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God's Timing

Acts  9:32 - 10:23

Is it not a common failing of Christians that, like little children, they want all things "now?" The Bible teaches us, however, that God has his own timing. We see an example of it in this passage, the first of two lessons on how the church first reached out to the Gentiles.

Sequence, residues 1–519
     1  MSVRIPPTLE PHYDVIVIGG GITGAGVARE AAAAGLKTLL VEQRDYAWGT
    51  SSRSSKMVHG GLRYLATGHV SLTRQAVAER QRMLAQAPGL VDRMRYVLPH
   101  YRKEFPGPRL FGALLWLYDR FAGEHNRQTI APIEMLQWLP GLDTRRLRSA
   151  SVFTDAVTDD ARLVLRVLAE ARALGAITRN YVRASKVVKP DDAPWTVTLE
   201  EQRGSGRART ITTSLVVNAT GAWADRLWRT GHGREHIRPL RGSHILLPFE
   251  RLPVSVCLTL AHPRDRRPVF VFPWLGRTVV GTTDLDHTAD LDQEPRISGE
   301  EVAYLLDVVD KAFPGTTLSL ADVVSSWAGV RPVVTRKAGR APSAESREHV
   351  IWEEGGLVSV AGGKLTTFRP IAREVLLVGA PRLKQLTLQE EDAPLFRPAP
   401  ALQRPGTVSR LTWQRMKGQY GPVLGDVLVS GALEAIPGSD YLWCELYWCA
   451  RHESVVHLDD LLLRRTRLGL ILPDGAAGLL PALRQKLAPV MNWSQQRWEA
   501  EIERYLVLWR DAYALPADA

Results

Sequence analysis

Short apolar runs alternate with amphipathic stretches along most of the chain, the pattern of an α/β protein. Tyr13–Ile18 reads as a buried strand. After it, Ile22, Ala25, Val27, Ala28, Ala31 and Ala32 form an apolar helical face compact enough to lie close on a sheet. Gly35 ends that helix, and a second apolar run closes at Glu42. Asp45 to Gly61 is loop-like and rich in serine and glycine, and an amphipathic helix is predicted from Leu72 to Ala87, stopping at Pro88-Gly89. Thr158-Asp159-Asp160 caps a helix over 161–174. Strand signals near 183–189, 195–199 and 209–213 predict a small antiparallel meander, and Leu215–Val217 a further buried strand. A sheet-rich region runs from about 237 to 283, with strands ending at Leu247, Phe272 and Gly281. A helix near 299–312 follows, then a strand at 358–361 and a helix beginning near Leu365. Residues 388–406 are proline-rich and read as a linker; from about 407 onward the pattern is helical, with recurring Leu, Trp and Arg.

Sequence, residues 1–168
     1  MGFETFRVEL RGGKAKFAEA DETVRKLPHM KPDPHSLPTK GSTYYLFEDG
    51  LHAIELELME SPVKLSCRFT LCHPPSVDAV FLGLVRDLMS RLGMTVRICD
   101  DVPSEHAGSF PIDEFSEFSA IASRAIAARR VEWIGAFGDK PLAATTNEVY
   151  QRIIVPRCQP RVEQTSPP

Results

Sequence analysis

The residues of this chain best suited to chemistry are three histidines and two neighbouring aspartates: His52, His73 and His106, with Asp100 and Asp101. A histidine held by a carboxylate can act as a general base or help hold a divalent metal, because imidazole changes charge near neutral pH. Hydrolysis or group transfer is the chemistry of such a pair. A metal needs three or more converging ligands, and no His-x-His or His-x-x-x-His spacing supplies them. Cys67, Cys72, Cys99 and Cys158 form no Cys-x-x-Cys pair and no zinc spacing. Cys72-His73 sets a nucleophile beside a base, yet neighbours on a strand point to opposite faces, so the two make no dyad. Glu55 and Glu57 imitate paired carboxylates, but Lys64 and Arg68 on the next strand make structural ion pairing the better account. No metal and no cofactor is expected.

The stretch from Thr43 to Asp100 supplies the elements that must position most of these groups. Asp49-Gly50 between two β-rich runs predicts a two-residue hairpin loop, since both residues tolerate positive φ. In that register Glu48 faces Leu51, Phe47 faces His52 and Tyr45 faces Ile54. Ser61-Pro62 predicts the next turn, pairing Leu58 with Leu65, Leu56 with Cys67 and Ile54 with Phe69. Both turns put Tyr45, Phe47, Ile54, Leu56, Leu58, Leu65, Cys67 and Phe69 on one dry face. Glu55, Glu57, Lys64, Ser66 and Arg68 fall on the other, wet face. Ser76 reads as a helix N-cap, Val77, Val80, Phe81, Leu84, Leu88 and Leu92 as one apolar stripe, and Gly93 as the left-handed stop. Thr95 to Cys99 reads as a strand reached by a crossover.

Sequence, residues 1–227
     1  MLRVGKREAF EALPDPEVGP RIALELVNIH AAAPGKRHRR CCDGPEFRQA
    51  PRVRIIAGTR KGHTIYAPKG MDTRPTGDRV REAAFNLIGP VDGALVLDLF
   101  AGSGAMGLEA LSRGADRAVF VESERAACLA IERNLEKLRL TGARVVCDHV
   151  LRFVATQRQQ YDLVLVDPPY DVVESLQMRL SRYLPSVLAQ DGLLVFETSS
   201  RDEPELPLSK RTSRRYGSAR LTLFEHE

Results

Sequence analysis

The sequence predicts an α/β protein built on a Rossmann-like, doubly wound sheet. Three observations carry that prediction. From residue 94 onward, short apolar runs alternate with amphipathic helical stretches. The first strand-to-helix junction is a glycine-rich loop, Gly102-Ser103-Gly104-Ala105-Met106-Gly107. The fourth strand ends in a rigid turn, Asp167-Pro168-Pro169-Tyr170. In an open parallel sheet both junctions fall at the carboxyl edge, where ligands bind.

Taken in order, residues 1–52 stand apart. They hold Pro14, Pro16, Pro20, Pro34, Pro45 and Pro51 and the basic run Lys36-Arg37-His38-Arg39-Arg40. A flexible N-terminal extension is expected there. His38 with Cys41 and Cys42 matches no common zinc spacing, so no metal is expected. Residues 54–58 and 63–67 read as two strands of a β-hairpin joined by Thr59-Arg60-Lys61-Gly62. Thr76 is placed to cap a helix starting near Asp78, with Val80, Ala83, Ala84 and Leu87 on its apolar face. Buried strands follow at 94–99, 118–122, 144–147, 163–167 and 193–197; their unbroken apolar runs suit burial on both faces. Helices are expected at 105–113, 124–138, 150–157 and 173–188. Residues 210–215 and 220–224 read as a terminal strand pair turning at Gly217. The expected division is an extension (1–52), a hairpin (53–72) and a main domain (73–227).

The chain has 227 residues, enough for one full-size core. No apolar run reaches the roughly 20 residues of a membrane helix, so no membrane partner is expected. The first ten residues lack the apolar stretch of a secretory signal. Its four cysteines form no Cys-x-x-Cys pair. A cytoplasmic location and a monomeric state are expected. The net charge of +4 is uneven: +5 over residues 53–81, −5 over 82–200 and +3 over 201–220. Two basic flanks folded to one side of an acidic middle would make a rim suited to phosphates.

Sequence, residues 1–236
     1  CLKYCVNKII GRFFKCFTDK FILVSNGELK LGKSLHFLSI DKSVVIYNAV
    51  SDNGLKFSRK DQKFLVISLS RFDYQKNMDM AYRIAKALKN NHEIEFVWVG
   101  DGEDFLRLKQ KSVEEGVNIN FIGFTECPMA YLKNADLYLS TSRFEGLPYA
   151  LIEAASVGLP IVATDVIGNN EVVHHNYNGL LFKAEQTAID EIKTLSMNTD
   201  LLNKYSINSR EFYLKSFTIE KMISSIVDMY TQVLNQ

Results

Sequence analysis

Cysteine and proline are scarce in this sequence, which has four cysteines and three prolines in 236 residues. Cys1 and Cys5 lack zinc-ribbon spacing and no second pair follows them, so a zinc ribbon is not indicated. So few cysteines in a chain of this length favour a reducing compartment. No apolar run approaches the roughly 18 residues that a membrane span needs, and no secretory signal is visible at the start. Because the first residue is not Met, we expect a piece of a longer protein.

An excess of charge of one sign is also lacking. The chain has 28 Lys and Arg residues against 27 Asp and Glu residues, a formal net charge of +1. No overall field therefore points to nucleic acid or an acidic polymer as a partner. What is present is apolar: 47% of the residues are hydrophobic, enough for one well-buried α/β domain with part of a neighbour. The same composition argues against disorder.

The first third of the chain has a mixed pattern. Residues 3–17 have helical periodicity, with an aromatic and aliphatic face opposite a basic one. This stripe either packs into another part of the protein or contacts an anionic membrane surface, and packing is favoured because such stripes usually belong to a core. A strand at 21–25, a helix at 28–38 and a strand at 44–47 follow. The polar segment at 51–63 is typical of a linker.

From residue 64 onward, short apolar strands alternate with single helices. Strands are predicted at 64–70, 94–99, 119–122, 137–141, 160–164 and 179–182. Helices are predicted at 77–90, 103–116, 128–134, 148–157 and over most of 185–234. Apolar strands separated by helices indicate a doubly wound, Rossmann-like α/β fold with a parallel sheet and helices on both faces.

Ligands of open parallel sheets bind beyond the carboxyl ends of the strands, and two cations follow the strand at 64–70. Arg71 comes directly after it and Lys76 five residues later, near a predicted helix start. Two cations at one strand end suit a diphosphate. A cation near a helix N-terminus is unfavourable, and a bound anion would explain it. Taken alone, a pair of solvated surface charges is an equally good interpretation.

(Acts 9:32-43 NIV) As Peter traveled about the country, he went to visit the saints in Lydda. {33} There he found a man named Aeneas, a paralytic who had been bedridden for eight years. {34} "Aeneas," Peter said to him, "Jesus Christ heals you. Get up and take care of your mat." Immediately Aeneas got up. {35} All those who lived in Lydda and Sharon saw him and turned to the Lord. {36} In Joppa there was a disciple named Tabitha (which, when translated, is Dorcas ), who was always doing good and helping the poor. {37} About that time she became sick and died, and her body was washed and placed in an upstairs room. {38} Lydda was near Joppa; so when the disciples heard that Peter was in Lydda, they sent two men to him and urged him, "Please come at once!" {39} Peter went with them, and when he arrived he was taken upstairs to the room. All the widows stood around him, crying and showing him the robes and other clothing that Dorcas had made while she was still with them. {40} Peter sent them all out of the room; then he got down on his knees and prayed. Turning toward the dead woman, he said, "Tabitha, get up." She opened her eyes, and seeing Peter she sat up. {41} He took her by the hand and helped her to her feet. Then he called the believers and the widows and presented her to them alive. {42} This became known all over Joppa, and many people believed in the Lord. {43} Peter stayed in Joppa for some time with a tanner named Simon.